The overall dengue situation in the country remains grim as 403 new dengue patients have been admitted to hospitals in 24 hours since 8:00am Sunday, the highest in a single day this year.
A total of 7,179 people have been infected with dengue this year until yesterday. Of them, five have died, according to the Directorate General of Health Services (DGHS).
The number of dengue patients was 1,374 between January and July last year, meaning the figure has already grown by more than five times this year.
Cases of dengue have been on the rise since March this year -- 17 in March, 58 in April, 184 in May, 1,814 in June and 5,050 till July 22.
Officials, however, said the number could be higher as many cases remain unreported.
Meanwhile, doctors yesterday said the civil surgeon of Habiganj probably died of dengue fever on Sunday night.
Dr Mohammad Shahadat Hossain Hajra, 53, was declared dead at the capital’s Shaheed Suhrawardy Medical College Hospital around 11:00pm, said Prof Dr Uttam Kumar Barua, director of the hospital.
However, the DGHS did not include the death in its statistics saying that it would wait for confirmation of the cause of death by the Institute of Epidemiology Disease Control and Research (IEDCR).
“We have heard about the civil surgeon’s death, but we will be sure about the cause of his death only after the IEDCR conducts necessary tests,” said Dr Aysha Akther, assistant director at the DGHS control room.
Talking to The Daily Star, Dr Debapada Ray, director of health at the Sylhet division DGHS office, said an administrative official of the civil surgeon’s office informed him over the phone on Sunday that Shahadat felt sick at his Habiganj office.
Debapada then instructed the official to immediately take him to the 250-bed hospital in Habiganj.
Doctors at that hospital said his symptoms indicated that he was infected with dengue.
Shahadat told the doctors that his wife and daughter were also suffering from dengue fever in Dhaka and he should be shifted there.
Around 5:00pm on Sunday, Debapada talked to the civil surgeon who complained of high fever and severe pain in his body. He was sent to Dhaka for better treatment.
He reached his Dhaka home around 10:00pm. But his condition deteriorated within around an hour and he asked his son to take him to Shaheed Suhrawardy Medical College Hospital where doctors declared him dead, Debapada told The Daily Star, quoting the civil surgeon’s son.
HC ISSUES SUMMONS FOR OFFICIALS
The High Court yesterday summoned the chief health officers of the Dhaka north and south city corporations to appear before it to inform about the steps taken by the corporations to prevent any outbreak of mosquito-borne diseases like dengue and chikungunya, and to destroy the breeding grounds of Aedes mosquitoes in the capital.
The court ordered the officials to appear before it at 11:00am on Thursday to apprise it of the steps taken for eradicating Aedes mosquitoes.
The HC bench of Justice Tariq ul Hakim and Justice Md Shohrowardi came up with the order during holding hearing on a suomoto (voluntary) rule.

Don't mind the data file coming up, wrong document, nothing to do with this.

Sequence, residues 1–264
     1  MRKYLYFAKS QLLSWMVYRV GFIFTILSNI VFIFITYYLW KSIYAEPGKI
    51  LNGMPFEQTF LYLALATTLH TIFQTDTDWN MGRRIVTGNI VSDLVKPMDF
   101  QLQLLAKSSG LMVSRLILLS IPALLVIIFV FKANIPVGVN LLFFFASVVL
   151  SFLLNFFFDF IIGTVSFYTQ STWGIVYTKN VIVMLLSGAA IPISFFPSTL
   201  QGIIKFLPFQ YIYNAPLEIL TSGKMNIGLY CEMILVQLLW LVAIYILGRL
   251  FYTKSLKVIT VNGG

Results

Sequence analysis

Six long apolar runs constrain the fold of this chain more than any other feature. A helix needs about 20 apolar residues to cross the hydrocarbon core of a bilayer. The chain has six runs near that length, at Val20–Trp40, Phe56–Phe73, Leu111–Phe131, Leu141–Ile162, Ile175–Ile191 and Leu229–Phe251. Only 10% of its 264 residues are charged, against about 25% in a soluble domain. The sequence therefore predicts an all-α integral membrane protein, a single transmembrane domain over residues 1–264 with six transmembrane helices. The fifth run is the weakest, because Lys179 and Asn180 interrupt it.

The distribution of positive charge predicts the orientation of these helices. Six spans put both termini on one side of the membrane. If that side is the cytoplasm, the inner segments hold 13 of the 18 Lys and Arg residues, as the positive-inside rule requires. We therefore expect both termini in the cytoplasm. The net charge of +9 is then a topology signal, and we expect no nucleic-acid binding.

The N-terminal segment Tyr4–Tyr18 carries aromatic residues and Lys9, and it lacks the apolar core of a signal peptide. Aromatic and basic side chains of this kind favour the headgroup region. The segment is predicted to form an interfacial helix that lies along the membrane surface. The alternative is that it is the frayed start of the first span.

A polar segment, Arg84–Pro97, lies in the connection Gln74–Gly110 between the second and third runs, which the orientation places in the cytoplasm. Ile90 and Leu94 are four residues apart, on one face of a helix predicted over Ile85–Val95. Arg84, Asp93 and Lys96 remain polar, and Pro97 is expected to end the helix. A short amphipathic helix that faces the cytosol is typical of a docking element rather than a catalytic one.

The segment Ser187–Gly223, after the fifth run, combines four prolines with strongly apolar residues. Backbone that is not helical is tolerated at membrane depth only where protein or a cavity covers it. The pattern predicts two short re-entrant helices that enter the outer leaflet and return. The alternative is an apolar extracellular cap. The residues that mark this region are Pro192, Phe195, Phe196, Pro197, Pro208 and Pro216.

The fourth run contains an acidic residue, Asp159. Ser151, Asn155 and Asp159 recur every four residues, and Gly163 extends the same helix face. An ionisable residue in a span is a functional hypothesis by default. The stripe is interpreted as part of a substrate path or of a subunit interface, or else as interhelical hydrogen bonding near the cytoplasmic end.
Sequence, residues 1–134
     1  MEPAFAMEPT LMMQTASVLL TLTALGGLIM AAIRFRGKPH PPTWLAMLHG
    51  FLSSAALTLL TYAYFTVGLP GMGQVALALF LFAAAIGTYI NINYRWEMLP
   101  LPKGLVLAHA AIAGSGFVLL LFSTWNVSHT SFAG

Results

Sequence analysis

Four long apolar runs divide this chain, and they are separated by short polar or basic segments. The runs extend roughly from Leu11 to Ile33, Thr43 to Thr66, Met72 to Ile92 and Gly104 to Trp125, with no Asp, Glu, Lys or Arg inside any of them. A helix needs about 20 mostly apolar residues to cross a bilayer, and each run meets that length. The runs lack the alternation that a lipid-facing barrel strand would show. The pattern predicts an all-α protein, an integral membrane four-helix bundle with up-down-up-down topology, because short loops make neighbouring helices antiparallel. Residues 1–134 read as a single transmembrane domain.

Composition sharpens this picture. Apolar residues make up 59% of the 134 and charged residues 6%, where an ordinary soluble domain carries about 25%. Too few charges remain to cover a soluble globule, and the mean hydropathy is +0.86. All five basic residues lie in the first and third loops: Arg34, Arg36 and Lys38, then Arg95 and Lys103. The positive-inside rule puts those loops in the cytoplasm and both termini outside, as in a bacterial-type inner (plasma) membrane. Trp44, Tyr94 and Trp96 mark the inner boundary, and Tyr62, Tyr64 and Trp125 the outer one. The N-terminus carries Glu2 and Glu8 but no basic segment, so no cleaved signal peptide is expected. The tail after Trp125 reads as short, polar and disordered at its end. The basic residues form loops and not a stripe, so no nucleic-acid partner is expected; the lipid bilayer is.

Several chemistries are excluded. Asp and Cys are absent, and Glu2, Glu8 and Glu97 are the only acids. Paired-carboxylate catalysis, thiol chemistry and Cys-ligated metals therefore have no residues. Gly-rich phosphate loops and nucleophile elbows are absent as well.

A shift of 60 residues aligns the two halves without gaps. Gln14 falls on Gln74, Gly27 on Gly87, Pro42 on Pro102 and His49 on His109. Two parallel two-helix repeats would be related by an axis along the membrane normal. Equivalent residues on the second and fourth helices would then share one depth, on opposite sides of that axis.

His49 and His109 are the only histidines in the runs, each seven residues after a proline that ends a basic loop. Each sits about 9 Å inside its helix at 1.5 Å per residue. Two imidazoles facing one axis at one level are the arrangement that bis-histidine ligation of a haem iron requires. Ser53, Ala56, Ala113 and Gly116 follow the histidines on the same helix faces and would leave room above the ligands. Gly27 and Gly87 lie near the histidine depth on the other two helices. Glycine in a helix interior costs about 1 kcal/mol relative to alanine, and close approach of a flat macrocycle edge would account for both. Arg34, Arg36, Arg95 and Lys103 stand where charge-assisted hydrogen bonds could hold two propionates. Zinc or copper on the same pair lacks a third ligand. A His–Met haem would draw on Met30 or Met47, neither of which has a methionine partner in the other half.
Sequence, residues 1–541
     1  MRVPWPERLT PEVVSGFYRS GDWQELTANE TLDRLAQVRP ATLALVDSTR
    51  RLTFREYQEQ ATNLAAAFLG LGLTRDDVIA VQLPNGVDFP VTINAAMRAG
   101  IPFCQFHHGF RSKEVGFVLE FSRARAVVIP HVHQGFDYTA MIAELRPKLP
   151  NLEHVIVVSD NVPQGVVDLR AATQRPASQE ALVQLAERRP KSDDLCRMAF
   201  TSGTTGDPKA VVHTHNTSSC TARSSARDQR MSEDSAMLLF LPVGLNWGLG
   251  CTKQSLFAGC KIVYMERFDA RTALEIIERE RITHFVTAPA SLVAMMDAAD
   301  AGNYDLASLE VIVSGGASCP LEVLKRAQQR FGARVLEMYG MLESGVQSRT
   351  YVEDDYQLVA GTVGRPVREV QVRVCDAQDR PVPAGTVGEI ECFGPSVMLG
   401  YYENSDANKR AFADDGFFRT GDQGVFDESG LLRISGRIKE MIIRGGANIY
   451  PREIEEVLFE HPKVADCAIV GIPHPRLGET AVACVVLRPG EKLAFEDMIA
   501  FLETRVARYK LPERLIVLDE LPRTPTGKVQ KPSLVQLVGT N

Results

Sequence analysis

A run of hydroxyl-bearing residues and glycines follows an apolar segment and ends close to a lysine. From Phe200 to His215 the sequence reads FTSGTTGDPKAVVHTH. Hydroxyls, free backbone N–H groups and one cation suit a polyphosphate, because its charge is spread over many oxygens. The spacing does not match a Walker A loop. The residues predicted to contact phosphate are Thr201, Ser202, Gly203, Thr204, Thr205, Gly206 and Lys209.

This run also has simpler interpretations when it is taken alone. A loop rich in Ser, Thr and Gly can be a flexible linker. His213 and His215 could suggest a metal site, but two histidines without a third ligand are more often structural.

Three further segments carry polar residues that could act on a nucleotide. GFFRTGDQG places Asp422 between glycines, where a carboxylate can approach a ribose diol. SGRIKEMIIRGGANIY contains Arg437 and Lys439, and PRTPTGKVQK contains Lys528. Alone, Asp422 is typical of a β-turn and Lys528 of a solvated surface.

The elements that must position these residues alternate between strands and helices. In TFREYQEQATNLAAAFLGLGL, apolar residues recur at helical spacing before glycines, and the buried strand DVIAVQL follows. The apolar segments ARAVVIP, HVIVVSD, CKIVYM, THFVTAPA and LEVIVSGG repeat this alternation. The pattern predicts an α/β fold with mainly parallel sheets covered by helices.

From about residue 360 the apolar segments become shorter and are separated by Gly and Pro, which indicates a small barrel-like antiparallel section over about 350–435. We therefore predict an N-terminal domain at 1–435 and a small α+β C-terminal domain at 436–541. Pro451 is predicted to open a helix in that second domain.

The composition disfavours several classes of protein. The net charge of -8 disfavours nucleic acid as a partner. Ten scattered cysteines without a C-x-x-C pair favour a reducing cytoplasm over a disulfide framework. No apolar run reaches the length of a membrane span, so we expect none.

The bench had issued the rule on July 14 asking the city corporations to submit separate reports yesterday about the steps taken by them.
Assistant Attorney General Saira Firoz submitted two compliance reports from Dhaka North City Corporation (DNCC) and Dhaka South City Corporation (DSCC) before the HC bench, saying that steps have been taken to create public awareness for prevention of Aedes mosquitoes.
After examining the reports, the HC expressed unhappiness saying that there were no details on the steps taken in the last seven days for eradication of Aedes mosquitoes.
The court said it took notice of media reports that dengue and chikonguniya patients were getting admitted to hospitals which indicated that the cases were increasing and the respondents’ action to eliminate Aedes mosquitoes was inadequate.
“We are therefore not satisfied with the averments given on behalf of the respondents [DNCC and DSCC],” the HC bench said.
Expressing dissatisfaction with the inadequate measures, the HC said no court in any other country needed to issue a rule on the authorities to take measures to eliminate the mosquito menace.
The court said the city corporations themselves would have to be aware of the menace before making the people aware of it.
The corporations have burdened the people with the responsibility to rid themselves of the mosquito menace, but what is their responsibilities, the court questioned.
MOBILE COURTS TO BE OPERATED
The DSCC mayor yesterday said they would operate mobile courts against the owners of under-construction buildings if any breeding ground for Aedes mosquitoes were found there.
“We will operate mobile courts from today [yesterday] and it will continue until the dengue situation becomes normal,” Mayor Sayeed Khokon told reporters after visiting dengue patients at Dhaka Shishu Hospital around noon.
He said stagnant water in under-construction buildings were largely responsible for the growth of Aedes mosquito larvae.
“We have warned the owners and the authorities of such buildings so that the larvae of Aedes mosquitoes cannot grow at their construction sites.”
The DSCC workers have started visiting each houses in 57 wards and they are destroying Aedes mosquito larvae if found, he added.
The workers are also educating the residents about how to prevent the spread of larvae, Khokon said. “We have set a target to free around 25,000 houses from mosquito in next 15 days.”
Khokon, along with the DSCC chief health officer, talked to guardians of the patients and doctors to know about the overall dengue situation.
Our staff correspondents in Dhaka and Moulvibazar correspondent contributed to this report.